CDC suggests refraining from vaping
The CDC doesn't know exactly what is causing the problem, but its urging people to stop vaping until it can find out.
“But if you are going to use e-cigarettes not to add anything else to the oils," said Brainard, public information officer, Mid-Ohio Valley Health Department.
Health officials think it's the THC that's being added to vaping products, but they aren't sure.
The CDC also wants parents to be aware of their children using e-cigarettes.
“So many young people are using e-cigarettes thinking it’s safe. Children, their brains are still developing; their lungs are still developing so it's harmful to them no matter what," said Brainard.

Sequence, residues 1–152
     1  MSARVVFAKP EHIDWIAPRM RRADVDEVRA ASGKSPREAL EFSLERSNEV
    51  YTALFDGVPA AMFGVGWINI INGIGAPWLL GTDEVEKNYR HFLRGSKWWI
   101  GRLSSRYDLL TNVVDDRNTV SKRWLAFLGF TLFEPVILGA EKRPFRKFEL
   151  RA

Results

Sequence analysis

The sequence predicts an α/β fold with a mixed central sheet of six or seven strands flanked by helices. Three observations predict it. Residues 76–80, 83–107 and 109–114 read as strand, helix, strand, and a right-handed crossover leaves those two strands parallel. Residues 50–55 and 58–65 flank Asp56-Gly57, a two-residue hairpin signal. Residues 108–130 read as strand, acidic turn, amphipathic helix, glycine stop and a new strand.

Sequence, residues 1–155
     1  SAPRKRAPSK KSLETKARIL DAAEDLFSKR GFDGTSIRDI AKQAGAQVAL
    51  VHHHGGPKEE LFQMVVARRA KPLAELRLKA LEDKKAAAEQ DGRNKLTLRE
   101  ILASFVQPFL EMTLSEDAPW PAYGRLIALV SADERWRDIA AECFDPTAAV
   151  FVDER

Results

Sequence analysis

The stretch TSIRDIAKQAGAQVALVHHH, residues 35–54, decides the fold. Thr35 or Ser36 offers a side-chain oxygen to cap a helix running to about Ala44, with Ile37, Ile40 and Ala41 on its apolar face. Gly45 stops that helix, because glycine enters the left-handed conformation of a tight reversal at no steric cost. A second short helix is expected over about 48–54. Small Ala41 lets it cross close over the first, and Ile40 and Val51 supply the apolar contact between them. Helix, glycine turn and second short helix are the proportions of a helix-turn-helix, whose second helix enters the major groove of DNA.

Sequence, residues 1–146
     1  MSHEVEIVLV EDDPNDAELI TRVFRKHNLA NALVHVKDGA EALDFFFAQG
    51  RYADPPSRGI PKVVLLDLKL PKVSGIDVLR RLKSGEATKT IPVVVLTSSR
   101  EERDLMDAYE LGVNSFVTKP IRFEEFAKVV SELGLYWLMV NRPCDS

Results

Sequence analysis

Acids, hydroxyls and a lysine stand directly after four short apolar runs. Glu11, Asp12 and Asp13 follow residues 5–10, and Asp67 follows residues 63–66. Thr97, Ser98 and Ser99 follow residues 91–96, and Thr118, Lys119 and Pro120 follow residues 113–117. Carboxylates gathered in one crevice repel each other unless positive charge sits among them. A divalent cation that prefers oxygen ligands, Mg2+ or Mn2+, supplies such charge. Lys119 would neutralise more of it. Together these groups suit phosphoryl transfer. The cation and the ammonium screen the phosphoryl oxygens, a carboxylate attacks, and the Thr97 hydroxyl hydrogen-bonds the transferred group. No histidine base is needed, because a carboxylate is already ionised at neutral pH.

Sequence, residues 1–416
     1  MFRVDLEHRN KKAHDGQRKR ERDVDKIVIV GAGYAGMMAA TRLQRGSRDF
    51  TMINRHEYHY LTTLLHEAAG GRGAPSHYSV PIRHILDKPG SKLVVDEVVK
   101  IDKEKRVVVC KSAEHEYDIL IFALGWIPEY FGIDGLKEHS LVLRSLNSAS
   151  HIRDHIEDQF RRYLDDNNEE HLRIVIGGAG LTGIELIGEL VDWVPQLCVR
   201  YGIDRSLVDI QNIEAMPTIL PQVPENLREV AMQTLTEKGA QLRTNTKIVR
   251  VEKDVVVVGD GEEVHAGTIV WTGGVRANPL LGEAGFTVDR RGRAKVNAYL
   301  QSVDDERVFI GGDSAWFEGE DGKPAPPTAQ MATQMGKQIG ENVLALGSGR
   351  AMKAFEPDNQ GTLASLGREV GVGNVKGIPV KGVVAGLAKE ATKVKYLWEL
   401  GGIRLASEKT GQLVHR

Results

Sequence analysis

Corey Tunnell is the owner of Vape Advantage in Parkersburg and has been in business for 5 years.
“This is an adult industry created by adults for an adult problem to the tobacco problem, combustible cigarettes. 480,000 people a year die from cigarette related illnesses, 70,000 a year die of opioids, and other drug related deaths," said Tunnell.
He thinks it's the black-market products that are causing the problem.
“Vaping is twice as successful as the patches and the gum. So in England, they’re putting vape shops with flavored nicotine in their hospitals, so it’s very different than what we’re seeing in the United States," said Tunnell.
“E-cigarettes, 99.9% have some nicotine in them, they also have heavy metals, led and tin and they also have the carcinogens and they touted as a way to quit smoking but that’s not proving out to be the case," said Brainard.
So far, the CDC says 18 deaths in 15 states can be connected to vaping.